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College and Career Readiness through Blended Learning

College Readiness
College Readiness

Ketanji Brown Jackson

by Greg Cunningham

The influence of high school speech competition on Ketanji Brown Jackson

High school speech and debate is one of the best kept secrets in American education. Most people have no idea that from late September until April or May, on just about every Saturday morning, thousands of students around the country make their way to a high school to compete in speech or debate events. Tournaments take over the school, utilizing every classroom, conference room, and even storage closets for 10 hours or more, sometimes lasting both Saturday and Sunday. To excel at these activities, students have to have the energy and stamina of a cross-country runner.

Brother Bechner, The impact of a teacher on a student’s life

The impact of a teacher on a student’s life

by Greg Cunningham

For most of my days in middle and high school, English was my worst subject. It wasn’t the reading; I can never remember a time when I wasn’t reading a book. From the Hardy Boys series to the Three Investigators series, I loved having a new book to read. But grammar, diagramming sentences, direct or indirect objects—none of that made any sense to me. Entering Catholic high school, I had no idea that grammar would be such a huge part of the curriculum.

Cynthia Laroche

Cynthia Laroche, Part II

by Joan Reissman

When you’ve been working with students for a long time, you meet many different personalities. Once in a while, a student stands out. Cynthia Laroche is one of those students.

I first met Cynthia in 2013 when she was a student at Cambridge Rindge and Latin School. Cynthia had only been in America since 2011. When she came here, she spoke English, but it wasn’t her first language. Her father was already in America, but she had to wait a while until her mother could join the family in the United States.

JFY supporters sweeten student futures

Ice cream sundaes seal the deal

by Gary Kaplan

The end of the year is a time for reflection and assessment. Looking back over these past two years, we have much to be grateful for. We have survived the greatest disruption in memory and students are now enrolling in JFYNet college and career readiness at a pre-pandemic pace. We are in this positive position thanks to the unwavering loyalty of our supporters.

“It takes a village,” the adage says, but a village needs villagers to sustain it. In our village, the most important citizens are the students. I think of a young man named Andre with whom I indulged in ice cream sundaes a few weeks ago. We were celebrating the end of the first semester of our early college program. He had passed his college course and was looking ahead to the next semester and beyond.

Inland Steel Revisited. Is education keeping pace with automation?

Is education keeping pace with automation?

by Gary Kaplan
photo by Matthew Kaplan

Skills and the Workplace: The Lesson of Inland Steel was our Labor Day post in 2016. Its two main themes are even more relevant five years later: technology is transforming the skill content of work; and post-secondary education or training is necessary to be competitive in the labor market.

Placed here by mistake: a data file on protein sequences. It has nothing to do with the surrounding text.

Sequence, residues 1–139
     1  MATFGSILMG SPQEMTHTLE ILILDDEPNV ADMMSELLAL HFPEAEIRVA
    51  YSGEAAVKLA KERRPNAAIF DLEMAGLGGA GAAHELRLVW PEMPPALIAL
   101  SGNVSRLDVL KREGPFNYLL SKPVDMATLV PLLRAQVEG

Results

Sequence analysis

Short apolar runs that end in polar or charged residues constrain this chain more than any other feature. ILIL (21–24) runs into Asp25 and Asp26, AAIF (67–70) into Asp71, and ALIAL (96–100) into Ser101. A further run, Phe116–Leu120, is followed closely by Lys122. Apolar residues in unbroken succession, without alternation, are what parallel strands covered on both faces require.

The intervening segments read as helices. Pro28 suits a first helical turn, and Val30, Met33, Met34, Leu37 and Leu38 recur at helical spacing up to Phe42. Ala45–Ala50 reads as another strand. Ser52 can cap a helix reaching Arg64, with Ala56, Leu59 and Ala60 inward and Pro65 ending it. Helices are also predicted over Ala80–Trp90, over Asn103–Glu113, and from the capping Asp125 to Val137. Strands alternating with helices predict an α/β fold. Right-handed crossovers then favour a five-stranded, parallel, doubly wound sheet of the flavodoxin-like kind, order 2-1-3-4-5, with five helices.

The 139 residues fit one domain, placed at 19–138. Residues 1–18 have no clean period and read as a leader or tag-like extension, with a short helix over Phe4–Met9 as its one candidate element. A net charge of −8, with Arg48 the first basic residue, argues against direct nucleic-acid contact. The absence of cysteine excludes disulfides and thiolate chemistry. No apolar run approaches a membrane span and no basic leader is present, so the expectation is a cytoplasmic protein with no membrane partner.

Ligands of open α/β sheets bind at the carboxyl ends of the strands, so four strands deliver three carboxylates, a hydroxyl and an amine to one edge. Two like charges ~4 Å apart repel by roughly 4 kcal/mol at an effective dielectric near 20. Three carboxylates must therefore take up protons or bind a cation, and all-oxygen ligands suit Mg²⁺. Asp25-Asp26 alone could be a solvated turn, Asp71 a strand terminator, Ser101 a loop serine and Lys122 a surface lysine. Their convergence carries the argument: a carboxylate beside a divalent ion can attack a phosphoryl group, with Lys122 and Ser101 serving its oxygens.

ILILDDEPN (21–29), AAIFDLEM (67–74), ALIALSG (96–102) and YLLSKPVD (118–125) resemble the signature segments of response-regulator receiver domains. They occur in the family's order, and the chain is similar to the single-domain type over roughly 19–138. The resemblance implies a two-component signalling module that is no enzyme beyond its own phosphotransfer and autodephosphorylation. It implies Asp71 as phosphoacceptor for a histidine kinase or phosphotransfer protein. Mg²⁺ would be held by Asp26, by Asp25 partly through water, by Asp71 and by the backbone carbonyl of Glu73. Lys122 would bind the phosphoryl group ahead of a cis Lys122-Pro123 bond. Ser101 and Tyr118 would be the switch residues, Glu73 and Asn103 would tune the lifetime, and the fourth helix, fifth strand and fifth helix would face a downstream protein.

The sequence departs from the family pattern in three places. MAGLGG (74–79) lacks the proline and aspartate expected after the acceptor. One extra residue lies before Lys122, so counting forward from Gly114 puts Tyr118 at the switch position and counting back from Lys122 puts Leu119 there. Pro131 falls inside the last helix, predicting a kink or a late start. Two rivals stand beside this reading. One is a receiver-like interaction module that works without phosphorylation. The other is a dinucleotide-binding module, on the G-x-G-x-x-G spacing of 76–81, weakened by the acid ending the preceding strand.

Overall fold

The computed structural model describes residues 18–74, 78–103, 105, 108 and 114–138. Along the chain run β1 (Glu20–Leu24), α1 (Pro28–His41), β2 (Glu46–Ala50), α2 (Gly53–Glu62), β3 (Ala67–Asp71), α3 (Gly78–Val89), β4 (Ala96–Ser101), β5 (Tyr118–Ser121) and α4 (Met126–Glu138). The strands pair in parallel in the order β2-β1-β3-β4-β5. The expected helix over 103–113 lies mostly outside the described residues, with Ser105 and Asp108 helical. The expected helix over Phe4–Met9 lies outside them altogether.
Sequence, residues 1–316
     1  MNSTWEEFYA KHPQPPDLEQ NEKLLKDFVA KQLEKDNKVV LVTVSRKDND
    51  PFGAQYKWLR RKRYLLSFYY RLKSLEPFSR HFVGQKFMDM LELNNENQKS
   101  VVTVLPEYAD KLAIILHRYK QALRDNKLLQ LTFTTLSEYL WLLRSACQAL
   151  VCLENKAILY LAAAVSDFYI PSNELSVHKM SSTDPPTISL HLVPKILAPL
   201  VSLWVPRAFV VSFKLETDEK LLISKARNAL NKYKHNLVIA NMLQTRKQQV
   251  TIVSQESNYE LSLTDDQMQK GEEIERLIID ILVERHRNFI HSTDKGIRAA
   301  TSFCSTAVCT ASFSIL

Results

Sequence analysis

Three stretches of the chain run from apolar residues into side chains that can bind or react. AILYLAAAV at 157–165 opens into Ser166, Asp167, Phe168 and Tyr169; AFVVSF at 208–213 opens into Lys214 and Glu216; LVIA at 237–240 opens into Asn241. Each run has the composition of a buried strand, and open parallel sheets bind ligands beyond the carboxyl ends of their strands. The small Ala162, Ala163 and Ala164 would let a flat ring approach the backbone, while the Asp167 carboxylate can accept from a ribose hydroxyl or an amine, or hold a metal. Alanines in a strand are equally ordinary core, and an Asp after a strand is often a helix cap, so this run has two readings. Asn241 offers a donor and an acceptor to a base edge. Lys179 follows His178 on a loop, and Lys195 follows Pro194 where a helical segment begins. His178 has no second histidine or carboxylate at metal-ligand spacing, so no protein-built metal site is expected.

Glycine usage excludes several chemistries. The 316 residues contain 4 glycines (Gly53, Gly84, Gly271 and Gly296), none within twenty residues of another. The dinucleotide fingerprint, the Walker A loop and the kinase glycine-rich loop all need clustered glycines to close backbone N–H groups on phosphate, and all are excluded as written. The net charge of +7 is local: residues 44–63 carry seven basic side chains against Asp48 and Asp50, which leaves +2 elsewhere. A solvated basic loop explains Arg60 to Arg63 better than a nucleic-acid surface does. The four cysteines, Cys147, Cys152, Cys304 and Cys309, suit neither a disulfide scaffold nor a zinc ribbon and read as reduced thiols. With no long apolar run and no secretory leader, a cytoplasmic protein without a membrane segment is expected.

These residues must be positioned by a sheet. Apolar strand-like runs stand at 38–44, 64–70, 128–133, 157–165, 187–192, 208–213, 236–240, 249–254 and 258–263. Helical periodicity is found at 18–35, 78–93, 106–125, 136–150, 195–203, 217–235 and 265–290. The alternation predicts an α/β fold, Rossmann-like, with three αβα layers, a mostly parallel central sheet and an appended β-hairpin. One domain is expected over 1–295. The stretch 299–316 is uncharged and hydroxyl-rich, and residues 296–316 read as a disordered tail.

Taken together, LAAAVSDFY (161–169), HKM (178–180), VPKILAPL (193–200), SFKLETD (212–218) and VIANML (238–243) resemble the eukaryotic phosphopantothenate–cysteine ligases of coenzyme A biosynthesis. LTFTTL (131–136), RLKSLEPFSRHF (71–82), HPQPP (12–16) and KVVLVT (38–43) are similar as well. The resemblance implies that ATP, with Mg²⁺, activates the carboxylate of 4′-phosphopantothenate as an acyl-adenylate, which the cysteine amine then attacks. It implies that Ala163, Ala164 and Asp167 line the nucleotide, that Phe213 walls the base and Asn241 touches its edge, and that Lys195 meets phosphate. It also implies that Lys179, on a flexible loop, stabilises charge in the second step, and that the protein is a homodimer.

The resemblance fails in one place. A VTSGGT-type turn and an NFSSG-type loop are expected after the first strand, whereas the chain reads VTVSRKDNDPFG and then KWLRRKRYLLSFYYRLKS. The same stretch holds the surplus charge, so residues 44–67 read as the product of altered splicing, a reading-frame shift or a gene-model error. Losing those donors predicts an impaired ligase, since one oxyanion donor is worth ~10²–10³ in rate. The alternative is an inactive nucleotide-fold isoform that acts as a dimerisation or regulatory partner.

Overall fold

Rising to the Challenge - How JFY’s dedicated staff helped teachers and students beat the shutdown

by Gary Kaplan

How JFY’s dedicated staff helped teachers and students beat the shutdown

When schools closed in March of last year, it was unclear whether or how classes could continue. No one had anticipated the need for a transition to full-time online instruction. (Why would they?) But teachers in our partner schools were able to continue their classes remotely using the same JFYNet resources they had been using all year in the classroom. Students were able to access their software curricula without interruption during the spring and summer. The transition from in-person to remote was not without its rough spots, but teachers and students were able to continue their classes. Our staff maintained their practice of working closely with teachers via email, text and video conference to track and support students’ learning throughout the shutdown. Working together, we kept school in session.

Kevin McCaskill of Madison ParkTech Voc

Pandemic exposed a lack of access to technology for some Boston families.

DECEMBER 2020 PODCAST – This month’s podcast is the second part of the conversation between Executive Director Gary Kaplan and Kevin McCaskill, the Executive Director of Madison Park Technical Vocational High School, the only Vocational High School in the Boston Public School system. Mr. McCaskill has been working in education for over 30 years and between them, Gary and Mr. McCaskill have close to 75 years of experience advocating for public education. In this episode, they discuss how the current pandemic exposed a lack of access to technology for some Boston families, how progress and change continues to work its way across the country, and the most important types of leadership needed in our schools to ensure they provide the best possible education to our students.

Skills for the post-pandemic economy. Is college still necessary?

by Eileen Wedegartner, JFYNet Learning Specialist

Is college still necessary?

The COVID-19 pandemic has pushed many people to decide to take a year off from higher education. The ballooning price of college tuition combined with the uncertain job outlook for recent college graduates make this decision understandable. But a longer view of the value of a college degree, beyond the immediate crisis, might lead to a different calculation.